I recently had solar panels and a battery storage system from GivEnergy installed at my house. A major selling point for me was that they have a local network API which can be used to monitor and control everything without relying on their cloud services. My plan is to set up Home Assistant and integrate it with that, but in the meantime, I decided to let it talk to the cloud. I set up some scheduled charging, then started experimenting with the API.

The next evening, I had control over a virtual power plant comprised of tens of thousands of grid connected batteries.

## Trying Out the API

When I went to generate an API token, I was pleasantly surprised to find options for expiration time and fine-grained control over permissions. I clicked “generate”, and got:

`eyJ0eXAiOiJKV1QiLCJhbGciOiJSUzI1NiJ9.` |

From the `eyJ`

prefix, I recognized a base64 encoded JSON object. Upon closer inspection, it turned out to be two JSON objects and some binary data, separated by periods:

`{"typ":"JWT","alg":"RS256"}` |

`{` |

`00000000: 43 c5 15 59 0f be 8c d7 75 d6 ee ad a2 70 67 bb |C..Y....u....pg.|` |

`00000010: be 62 74 8c 1a 9b db eb 2d 73 9b 76 40 f7 47 4c |.bt.....-s.v@.GL|` |

`00000020: a7 5c ad f4 b4 15 bf f4 cc 2e 8c 40 bf 35 06 45 |.\.........@.5.E|` |

`00000030: 34 bb 84 f6 b8 8c 1a b3 f7 d1 53 d2 14 68 53 97 |4.........S..hS.|` |

More precisely, a JSON Web Token (JWT) signed with an RSA+SHA-256.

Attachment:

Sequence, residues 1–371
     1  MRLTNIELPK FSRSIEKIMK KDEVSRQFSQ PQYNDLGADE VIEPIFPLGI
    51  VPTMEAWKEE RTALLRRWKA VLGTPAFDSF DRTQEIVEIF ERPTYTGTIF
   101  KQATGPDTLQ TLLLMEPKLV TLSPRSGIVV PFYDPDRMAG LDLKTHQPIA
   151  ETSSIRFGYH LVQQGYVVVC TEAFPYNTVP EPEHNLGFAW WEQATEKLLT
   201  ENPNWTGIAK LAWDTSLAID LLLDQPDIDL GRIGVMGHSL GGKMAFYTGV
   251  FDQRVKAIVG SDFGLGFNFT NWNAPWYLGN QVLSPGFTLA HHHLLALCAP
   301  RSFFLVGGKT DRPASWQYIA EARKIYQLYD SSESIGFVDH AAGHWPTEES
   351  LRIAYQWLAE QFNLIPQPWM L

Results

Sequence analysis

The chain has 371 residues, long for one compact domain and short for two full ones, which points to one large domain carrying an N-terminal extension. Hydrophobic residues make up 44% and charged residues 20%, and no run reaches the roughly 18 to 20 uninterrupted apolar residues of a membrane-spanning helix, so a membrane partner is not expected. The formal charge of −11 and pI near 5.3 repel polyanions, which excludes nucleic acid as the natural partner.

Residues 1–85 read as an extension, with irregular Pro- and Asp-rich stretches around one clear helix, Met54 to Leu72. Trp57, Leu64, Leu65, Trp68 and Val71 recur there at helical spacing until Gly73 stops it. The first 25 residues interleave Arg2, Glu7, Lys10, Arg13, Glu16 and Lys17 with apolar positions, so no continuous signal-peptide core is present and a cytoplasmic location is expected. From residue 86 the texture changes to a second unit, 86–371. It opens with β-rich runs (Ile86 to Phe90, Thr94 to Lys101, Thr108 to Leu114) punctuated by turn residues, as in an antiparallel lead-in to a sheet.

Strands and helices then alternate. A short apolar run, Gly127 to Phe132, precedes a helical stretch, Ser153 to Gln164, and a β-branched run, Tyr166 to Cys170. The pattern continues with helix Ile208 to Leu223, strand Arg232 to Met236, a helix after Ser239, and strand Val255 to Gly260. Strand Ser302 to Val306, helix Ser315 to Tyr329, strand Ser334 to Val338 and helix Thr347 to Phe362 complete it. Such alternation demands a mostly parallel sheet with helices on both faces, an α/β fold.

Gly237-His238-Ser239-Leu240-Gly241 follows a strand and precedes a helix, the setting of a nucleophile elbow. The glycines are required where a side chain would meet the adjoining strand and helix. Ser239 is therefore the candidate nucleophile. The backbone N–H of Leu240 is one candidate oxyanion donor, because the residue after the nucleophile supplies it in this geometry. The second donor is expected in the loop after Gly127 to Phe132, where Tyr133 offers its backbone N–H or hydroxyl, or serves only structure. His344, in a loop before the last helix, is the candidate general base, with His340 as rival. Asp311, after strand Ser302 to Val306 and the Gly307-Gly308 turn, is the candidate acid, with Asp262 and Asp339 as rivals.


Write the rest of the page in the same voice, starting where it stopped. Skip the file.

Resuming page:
In the past, some JWT implementations allowed verification to be bypassed by changing the algorithm to “none”, so I tried that. It didn’t work, which was a relief. That signature though... 64 bytes? At eight bits per byte that’s 512 bits. But that would mean an easily crackable 512 bit RSA key. I hoped this wasn’t as bad as it seemed. Perhaps each account had a different key?

## Signing Like It’s 1999

The first publicly known factorization of a 512 bit RSA modulus was completed in August of 1999.

[W]e estimate that within three years the algorithmic and computer technology which we used to factor RSA–155 will be widespread […]. This makes these keys useless for authentication or for the protection of data required to be secure for a period longer than a few days.

—Cavallar et al.

In 2009, several 512 bit RSA signing keys for Texas Instruments graphing calculators were cracked by hobbyists. The point was further driven home in 2015 by the factoring as a service paper: